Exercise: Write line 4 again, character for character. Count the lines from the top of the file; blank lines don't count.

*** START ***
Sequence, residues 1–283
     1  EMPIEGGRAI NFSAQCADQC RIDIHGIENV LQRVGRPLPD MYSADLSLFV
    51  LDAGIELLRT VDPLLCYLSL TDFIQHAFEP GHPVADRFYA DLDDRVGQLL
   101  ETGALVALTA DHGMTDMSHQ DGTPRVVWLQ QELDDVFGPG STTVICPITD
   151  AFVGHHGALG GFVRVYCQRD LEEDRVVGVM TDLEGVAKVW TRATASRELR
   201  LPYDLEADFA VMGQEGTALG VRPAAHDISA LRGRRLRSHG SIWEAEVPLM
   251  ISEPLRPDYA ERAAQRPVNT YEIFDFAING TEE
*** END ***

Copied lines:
   101  ETGALVALTA DHGMTDMSHQ DGTPRVVWLQ QELDDVFGPG STTVICPITD